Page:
Jonathan Rush interning as a funeral director
"I can see where it wouldn't be a job for everyone," said 19-year-old Jonathan Rush about starting an internship toward a Bachelor of Science in Mortuary Science.
"Some of the hours would be a little hard to handle. There is a lot of little stuff you don't think about that goes into a funeral. There is printing up of different items, writing the obituaries, working with the death certificate, arranging the memorial folders and the register book ... and all of it has to be perfect," said Rush.
He is a 2007 graduate from Bowman High School in Bowman, ND, and currently a general courses student at Dickinson State University at Dickinson, ND. He has begun several months of intern work at Rush Funeral Home in Philip, SD. From the middle of May to the middle of August, he is helping with and learning the many different requirements of being a funeral director.
Johathan inquired of Jack Rush, who happens to be his uncle, if such career investigation and on-the-job training could be possible. Jack Rush of Philip was recently honored by the South Dakota Funeral Directors Association for his 40 years of continuous service to the funeral profession. Funeral Directors Jack and D.J. Rush were in need of extra help during this summer, so an arrangement was made.
"I thought that I would be interested," said Jonathan. "It must be that Jack and D.J. are in the profession that gave me the original idea." Also, Jonathan's father is a Methodist minister and his mother does "quite of bit" of volunteer hospice work. "My parents are glad that I'm doing this; trying it out at least," said Jonathan. "I like people work and just helping people out."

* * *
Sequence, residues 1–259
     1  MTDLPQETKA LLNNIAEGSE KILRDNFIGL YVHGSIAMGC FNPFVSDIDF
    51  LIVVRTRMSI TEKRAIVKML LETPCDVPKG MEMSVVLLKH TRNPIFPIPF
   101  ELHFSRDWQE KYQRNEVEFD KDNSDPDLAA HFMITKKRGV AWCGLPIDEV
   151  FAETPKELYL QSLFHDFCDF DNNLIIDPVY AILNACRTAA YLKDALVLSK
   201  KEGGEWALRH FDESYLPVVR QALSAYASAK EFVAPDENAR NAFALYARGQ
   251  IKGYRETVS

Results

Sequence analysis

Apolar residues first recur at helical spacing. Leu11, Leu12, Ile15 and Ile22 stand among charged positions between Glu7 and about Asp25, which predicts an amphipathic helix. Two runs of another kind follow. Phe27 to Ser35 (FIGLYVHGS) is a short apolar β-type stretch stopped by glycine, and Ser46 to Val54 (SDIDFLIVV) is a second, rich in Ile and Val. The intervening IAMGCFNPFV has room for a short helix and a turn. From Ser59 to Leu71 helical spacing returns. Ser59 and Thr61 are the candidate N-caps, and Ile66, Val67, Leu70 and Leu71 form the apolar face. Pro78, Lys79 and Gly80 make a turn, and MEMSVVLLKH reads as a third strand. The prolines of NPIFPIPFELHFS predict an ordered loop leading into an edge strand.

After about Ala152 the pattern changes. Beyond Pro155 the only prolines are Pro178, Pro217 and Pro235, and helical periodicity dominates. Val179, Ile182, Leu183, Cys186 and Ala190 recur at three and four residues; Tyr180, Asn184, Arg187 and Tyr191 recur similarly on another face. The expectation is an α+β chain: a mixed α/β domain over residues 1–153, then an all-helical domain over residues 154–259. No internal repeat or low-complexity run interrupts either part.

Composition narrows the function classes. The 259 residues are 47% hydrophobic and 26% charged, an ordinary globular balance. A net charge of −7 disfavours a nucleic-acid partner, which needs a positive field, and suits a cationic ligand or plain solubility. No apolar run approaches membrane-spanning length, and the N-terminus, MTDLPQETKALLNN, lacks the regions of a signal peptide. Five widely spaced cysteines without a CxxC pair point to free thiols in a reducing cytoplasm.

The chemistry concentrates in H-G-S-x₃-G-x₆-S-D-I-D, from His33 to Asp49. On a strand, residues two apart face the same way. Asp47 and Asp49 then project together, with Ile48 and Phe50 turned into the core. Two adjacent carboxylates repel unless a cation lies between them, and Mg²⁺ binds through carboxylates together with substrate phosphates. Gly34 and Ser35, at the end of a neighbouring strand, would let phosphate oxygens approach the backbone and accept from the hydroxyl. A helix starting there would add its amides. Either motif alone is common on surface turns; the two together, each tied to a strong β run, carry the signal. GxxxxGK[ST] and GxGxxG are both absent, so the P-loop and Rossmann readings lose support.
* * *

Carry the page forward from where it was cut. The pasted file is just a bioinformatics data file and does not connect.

Three months will be his longest consecutive stay away from home. Before this, the main summer job that he has held is doing a gamut of duties at a grocery store.
"The best part about this job is helping people," said Jonathan. "Maybe the hardest part is getting up in the middle of the night. It's a little different being on call all the time. Working with the embalmings and such doesn't bother me."
If he continues in this field, these three months will count toward a required full year of internship. He has assisted with at least 10 funerals so far. Eventually he will have to completely perform, under strict supervision, five funerals from first taking the hospital call that someone has passed away, through meeting with the family, gathering information, creating the obituary and making all the arrangements. During an entire internship, he must assist with no less than 25 embalmings.
D.J, who fulfilled his own internship in Brookings during the summers of 1997-98-99 and 2000, said, "Jonathan has really helped out this summer. He's able to do a lot of the office and computer work. At the same time, he is learning to work with the deceased and with their families. He is learning pre-arrangements, creating videos for local funerals and other needs, cemetery work and all the aspects of monuments and markers."
Jonathan said, "There are not a whole lot of surprises, I guess. I didn't really know what to expect in the first place. I'm used to this kind of small town. Your Fourth of July fireworks are pretty impressive and Philip having a theater is really nice. I like to walk and jog and I do a little bit of intermural basketball and football. A few months before I came here, I got interested in frisbee golf; I guess I'll be a little rusty when I get back to college."
"I guess that I've been around the general idea of this all of my life, with my dad being a pastor. I've always gone to church every week; I still always do. A good friend, who is my resident assistant at college, also works at a funeral home. I once went to the airport to help him pick up a body there," said Jonathan. "Recently I thought that being a funeral director would be an interesting career."